17 acts to not miss at Panorama ’17
NYC music festival Panorama is fast approaching. It happens Friday, July 28 through Sunday, July 30 on Randall’s Island (and there are some aftershows too). Three-day and single-day passes are still available.
UPDATE: Panorama set times have been revealed.
Meanwhile, here’s a guide to some of the artists we’re most excited about, and other stuff you may want to know about the fest…
In addition to the festival’s main stages, this year Panorama is introducing The Point, an “outdoor dance club with nonstop DJ sets.” Some exciting names are on this part of the lineup too, including Theo Parrish, Derrick Carter, Honey Dijon, Omar-S, Huerco S, Tim Sweeney, Mister Saturday Night and more.
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They’ll also again have The Lab, “an interactive experience that combines technology, artistry, and design […] with six interactive installations and a massive 360-degree virtual-reality theater.”
HOW TO GET THERE?
If you’d like to take a shuttle or ferry to Randall’s Island, you can buy passes for that too. You can also walk or bike across the RFK/125th St bridge, the E. 103rd St footbridge, or the RFK/Hoyt Ave bridge to get to the fest (there’s a dedicated lot with bike racks). There will be no parking available on Randall’s Island, but if someone’s driving you, there’s a drop-off area at the fest.
WHAT TO BRING
You can bring a backpack or purse as long as it’s smaller than 20″ x 15″ x 9″, sunscreen and bug spray as long as it’s non-aerosol, empty camelbacks, kids (kids two and under get in free!), and one empty or factory-sealed water bottle (no larger than 2 liters). If you need a locker, you can rent one now. Leave your totems, selfie sticks, umbrellas, chairs, coolers, e-cigs, musical instruments, kites, hammocks, flags, fireworks, stuffed animals, walkie talkies, and air horns at home.
Now head below to check out the list of 17 artists we’re excited to see at the 2017 fest, along with a playlist of our picks (in alphabetical order):
A Tribe Called Quest
Having made not only a great comeback record, but one of 2016’s best albums period, it seemed wrong for A Tribe Called Quest not to play the songs live despite the tragic loss of founding member Phife Dawg last year. Plus, their performances on SNL and the Grammys showed that the spark is still here. It feels safe to say that this rare performance will be a giant unmissable celebration and tribute to Phife. [Bill Pearis]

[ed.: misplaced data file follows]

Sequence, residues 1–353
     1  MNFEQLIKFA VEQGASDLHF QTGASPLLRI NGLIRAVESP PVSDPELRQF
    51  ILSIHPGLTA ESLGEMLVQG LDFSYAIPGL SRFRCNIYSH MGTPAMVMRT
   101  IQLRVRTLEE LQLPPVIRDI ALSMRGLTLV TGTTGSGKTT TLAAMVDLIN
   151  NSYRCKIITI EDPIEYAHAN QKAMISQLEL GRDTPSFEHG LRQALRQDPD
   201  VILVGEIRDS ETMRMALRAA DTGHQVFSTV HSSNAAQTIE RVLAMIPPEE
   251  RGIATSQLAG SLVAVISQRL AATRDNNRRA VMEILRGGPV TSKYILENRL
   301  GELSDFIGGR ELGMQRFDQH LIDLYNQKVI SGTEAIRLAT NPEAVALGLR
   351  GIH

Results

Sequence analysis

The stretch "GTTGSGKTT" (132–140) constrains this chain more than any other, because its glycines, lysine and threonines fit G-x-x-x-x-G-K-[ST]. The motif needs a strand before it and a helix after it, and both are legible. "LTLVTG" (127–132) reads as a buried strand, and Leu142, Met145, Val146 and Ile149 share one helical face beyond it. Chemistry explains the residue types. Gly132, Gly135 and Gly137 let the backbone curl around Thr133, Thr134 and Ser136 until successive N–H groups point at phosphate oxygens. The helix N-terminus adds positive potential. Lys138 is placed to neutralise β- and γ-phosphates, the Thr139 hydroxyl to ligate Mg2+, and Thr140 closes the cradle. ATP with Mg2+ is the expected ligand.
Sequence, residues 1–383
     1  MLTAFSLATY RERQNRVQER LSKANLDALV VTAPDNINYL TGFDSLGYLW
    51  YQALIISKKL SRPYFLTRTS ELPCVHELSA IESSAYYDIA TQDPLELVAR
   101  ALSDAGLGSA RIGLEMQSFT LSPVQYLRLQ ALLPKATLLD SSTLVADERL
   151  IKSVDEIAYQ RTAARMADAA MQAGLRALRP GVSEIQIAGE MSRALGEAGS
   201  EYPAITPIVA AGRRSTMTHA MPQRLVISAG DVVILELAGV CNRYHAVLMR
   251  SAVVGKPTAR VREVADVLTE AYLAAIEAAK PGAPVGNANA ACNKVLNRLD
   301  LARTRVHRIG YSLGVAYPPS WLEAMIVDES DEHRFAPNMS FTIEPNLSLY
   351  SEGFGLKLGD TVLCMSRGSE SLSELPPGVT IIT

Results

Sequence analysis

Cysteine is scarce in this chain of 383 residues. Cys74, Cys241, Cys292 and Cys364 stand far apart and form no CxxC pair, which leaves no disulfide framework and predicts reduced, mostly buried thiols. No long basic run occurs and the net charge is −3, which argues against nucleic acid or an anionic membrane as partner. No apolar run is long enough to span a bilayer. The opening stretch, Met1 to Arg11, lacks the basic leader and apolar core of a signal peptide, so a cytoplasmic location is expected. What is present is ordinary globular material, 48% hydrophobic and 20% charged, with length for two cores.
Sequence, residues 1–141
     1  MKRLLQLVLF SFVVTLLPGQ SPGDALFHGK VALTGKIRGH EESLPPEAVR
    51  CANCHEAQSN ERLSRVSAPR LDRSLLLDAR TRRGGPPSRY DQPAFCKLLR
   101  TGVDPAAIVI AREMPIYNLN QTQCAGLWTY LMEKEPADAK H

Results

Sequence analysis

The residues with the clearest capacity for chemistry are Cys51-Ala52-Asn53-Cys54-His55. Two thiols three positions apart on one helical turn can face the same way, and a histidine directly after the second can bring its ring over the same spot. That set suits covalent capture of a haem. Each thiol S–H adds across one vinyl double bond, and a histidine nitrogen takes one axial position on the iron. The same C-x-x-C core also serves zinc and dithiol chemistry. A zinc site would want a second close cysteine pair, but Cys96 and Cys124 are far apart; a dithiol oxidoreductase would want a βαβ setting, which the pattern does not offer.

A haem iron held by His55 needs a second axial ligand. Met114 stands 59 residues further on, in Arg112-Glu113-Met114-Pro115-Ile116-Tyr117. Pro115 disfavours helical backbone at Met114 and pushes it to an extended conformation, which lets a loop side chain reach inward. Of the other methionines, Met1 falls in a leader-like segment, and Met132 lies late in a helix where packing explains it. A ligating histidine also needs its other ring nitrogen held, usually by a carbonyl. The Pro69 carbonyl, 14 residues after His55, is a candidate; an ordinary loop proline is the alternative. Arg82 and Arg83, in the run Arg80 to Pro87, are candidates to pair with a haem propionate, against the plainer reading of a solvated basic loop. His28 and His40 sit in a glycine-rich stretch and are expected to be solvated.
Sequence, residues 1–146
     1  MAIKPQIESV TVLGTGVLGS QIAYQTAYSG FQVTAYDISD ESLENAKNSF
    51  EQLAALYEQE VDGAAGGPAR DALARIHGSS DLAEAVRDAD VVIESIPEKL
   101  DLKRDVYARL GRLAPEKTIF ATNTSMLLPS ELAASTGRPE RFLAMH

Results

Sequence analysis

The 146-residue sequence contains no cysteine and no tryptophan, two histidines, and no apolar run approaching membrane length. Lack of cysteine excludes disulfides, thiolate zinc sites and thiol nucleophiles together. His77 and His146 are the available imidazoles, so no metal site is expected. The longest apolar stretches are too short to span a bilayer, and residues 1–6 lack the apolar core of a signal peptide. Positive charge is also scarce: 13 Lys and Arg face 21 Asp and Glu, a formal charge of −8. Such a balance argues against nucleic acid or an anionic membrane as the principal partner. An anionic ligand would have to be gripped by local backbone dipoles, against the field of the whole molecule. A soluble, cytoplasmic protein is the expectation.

Having started out making a stunningly good update on ’60s psychedelic folk music, Angel Olsen has branched out and wrote one of the most memorable indie hits of last year (“Shut Up Kiss Me”). It’s on her album My Woman, which we named the #1 album of 2016. Live, Angel’s a force too. She’s joined by an ace backing band, and she greets the crowd with a thousand-yard stare that makes her warbly voice all the more intense.
Belle & Sebastian
When Belle & Sebastian began 20 years ago, who would have thought that shy, bookish frontman Stuart Murdoch would turn into such an extroverted frontman? Over the course of nine whimsical albums, Belle & Sebastian have mastered indie rock, indie pop, chamber pop, and other various subgenres while remaining one of indie’s most beloved bands. Even if you haven’t followed the Scottish group’s career so closely in the last decade, the band remain utterly charming live and keep their festival sets packed with favorites. [B.P.]
Cherry Glazerr have come a long way since releasing Haxel Princess three years ago (when the band were still in high school). Clementine Creevy was already a talented songwriter and guitarist but revamping the band with a tight rhythm section and keyboardist/singer Sasami Ashworth has paid off leaps and bounds. Cherry Glazerr deliver live, too, and play a rocking, fun set, heavy on their terrific new album Apocalipstick. [B.P.]
Since 2012’s Attack on Memory, Cloud Nothings have become one of the most consistently good hard-edged rock bands around. The dream of the ’90s is alive on that album and its two followups — 2014’s Here and Nowhere Else and this year’s Life Without Sound — which manage to put the greats of that era (including but not limited to Nirvana, Weezer, Sonic Youth, and Sunny Day Real Estate) in a blender while keeping things sounding fresh and distinctly the work of no other band. At their live shows, they have a knack for showing off their improvisational side and having a beastly drummer doesn’t hurt those lengthy jams. [A.S.]
Frank Ocean remains as talented and somewhat elusive as ever. Last year, he returned with not one but two new albums, and both landed on our Top Albums of 2016 list. He hadn’t played live since 2014, until he returned to the stage in 2017 at Denmark’s NorthSide Festival in early June. Frank is increasingly uncompromising as an artist, and that NorthSide setlist proved it. He only played two songs off his fan-favorite album Channel Orange (and nothing off his debut, Nostalgia Ultra), instead sticking to the less accessible 2016 albums and a few new songs he just released this year. It’s hard to predict what he’ll do at Panorama, but whatever it is, it’s bound to be exciting. [A.S.]